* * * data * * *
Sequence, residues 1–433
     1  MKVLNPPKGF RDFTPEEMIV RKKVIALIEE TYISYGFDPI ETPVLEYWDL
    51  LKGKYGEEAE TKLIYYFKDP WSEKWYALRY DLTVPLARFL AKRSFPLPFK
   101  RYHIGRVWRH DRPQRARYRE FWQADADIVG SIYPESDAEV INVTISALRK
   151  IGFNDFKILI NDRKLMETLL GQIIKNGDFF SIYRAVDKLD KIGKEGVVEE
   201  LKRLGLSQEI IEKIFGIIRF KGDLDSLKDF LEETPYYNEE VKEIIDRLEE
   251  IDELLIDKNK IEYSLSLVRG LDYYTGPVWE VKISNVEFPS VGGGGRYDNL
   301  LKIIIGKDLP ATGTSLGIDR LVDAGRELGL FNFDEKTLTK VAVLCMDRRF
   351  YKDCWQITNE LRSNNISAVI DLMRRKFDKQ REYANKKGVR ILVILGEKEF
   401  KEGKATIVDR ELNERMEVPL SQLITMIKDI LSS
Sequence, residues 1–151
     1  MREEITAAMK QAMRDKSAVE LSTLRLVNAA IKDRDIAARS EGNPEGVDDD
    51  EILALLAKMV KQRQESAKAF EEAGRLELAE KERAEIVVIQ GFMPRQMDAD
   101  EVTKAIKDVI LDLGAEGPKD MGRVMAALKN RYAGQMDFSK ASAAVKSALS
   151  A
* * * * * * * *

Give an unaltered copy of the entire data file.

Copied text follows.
Sequence, residues 1–433
     1  MKVLNPPKGF RDFTPEEMIV RKKVIALIEE TYISYGFDPI ETPVLEYWDL
    51  LKGKYGEEAE TKLIYYFKDP WSEKWYALRY DLTVPLARFL AKRSFPLPFK
   101  RYHIGRVWRH DRPQRARYRE FWQADADIVG SIYPESDAEV INVTISALRK
   151  IGFNDFKILI NDRKLMETLL GQIIKNGDFF SIYRAVDKLD KIGKEGVVEE
   201  LKRLGLSQEI IEKIFGIIRF KGDLDSLKDF LEETPYYNEE VKEIIDRLEE
   251  IDELLIDKNK IEYSLSLVRG LDYYTGPVWE VKISNVEFPS VGGGGRYDNL
   301  LKIIIGKDLP ATGTSLGIDR LVDAGRELGL FNFDEKTLTK VAVLCMDRRF
   351  YKDCWQITNE LRSNNISAVI DLMRRKFDKQ REYANKKGVR ILVILGEKEF
   401  KEGKATIVDR ELNERMEVPL SQLITMIKDI LSS
Sequence, residues 1–151
     1  MREEITAAMK QAMRDKSAVE LSTLRLVNAA IKDRDIAARS EGNPEGVDDD
    51  EILALLAKMV KQRQESAKAF EEAGRLELAE KERAEIVVIQ GFMPRQMDAD
   101  EVTKAIKDVI LDLGAEGPKD MGRVMAALKN RYAGQMDFSK ASAAVKSALS
   151  A